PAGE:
On the one hand: As evidenced by this blog and what I write about, I’m very interested in the intersection of technology and learning. This intersection is what is typically meant by “educational technology”. I’m interested enough in educational technology that I’m thinking of doing some further study and development in the area, possibly even coursework with a view towards a graduate degree in this area at some point in the future. I have the interest; I have a folk-knowledge of some of the skills; I’d like to actually get good at it.

On the other hand: I seriously question my ability to stomach the level of eduspeak that passes for the current dialogue in ed tech. Any number of edublogs out there — many of which are former residents of my blogroll — are written by people who do nothing but hop from one education conference to the next, never setting foot in a classroom, but who feel free to pontificate about the digital native-ness of the current generation of students and set impossibly high expectations for technology as a tool in learning. Much of the coursework I am finding in the ed tech area reads, in its catalog copy, like an education version of buzzword bingo. I just can’t find any promise of substance, and the only thing I can visualize when thinking about entering this universe to begin a serious course of study is me, being cynically contrarian with everything I hear in the classroom or on a blog.

What’s a person in my situation to do?

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5 responses to “Dilemma

  1. Just another liberal professor

    Be a technology contrarian. Honestly, I think that a graphing calculator would make a great graduation present for engineering majors.

  2. I say that you continue to learn about educational technology the way that you have been: independently seeking new technology and applying it to your situation as you think the situation warrants. Your only other option in my mind is to suffer through courses on educational technology and perhaps gleaning only a few pieces of useful information from each class (which has been my experience with ed courses).

  3. JimMc

    It’s understandably not an appealing choice…but I do think your predicament sort makes the case for itself. I think ed-tech definitely needs more independent-minded education folks to offset all the jargon-seeking consultant types who fly to buzzwords like bees to honey. At the risk of sounding tongue-in-cheek, if more people like you don’t enroll, the consultants are going to keep having ed-tech all to themselves (shudder). We need to put it back in the hands of people who actually want to make it work and make it better.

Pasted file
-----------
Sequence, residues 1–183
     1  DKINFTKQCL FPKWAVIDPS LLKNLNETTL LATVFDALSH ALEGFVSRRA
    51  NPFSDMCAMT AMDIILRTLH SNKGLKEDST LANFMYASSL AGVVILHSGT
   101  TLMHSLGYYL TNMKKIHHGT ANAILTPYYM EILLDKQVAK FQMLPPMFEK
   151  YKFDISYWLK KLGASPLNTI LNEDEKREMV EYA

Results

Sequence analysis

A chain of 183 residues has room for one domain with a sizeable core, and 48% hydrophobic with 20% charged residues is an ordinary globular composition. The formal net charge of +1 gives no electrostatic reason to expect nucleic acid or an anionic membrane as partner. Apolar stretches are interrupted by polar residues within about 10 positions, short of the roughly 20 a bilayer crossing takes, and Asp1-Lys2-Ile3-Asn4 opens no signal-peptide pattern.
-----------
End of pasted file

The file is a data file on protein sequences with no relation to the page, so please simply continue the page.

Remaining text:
Hopefully you can find an ed-tech curriculum with genuine substance. Good luck!

  4. mrc


    The vapid pontificating you point out is a symptom education being a business where people can find places to make a living (and a pretty good one) without delivering real value. We need to look at the business model behind this, and cut it off at the knees. I think the real place to do this work is in social entrepreneurship. The educational technology programs are too interested in looking at their own navels. What I hear you saying is that you want to be able to apply this stuff to helping people, but also want to get more skills. I agree with what Andy is saying: autodidact. And look for ways to apply what you already know strategically. Oh, and let me know if you find a good, non-crap program. I might want to join you.

  5. Mark

    We’ve talked before about the graduate program I’m in at Pepperdine. It is an Educational Technology program that is online, and pretty intense. What has been interesting to me is that we haven’t been focusing on the technology as much as I thought, for good reason. The technology will always change, but the reasons WHY we use a specific piece of technology should be the same. I too have grown tired of seeing people spout about how wonderful a certain technology is, without them showing any real benefits. In the short time I’ve been in the program, I have learned a lot – it has helped me solidify some of the thoughts I’ve had about ed tech, and also shown me where I might be off base. I’d highly recommend the program to anyone interested in education and technology, provided you are prepared to go in with an open mind about teaching and learning. It has been a breath of fresh air (other than trying to balance work/home/school life)!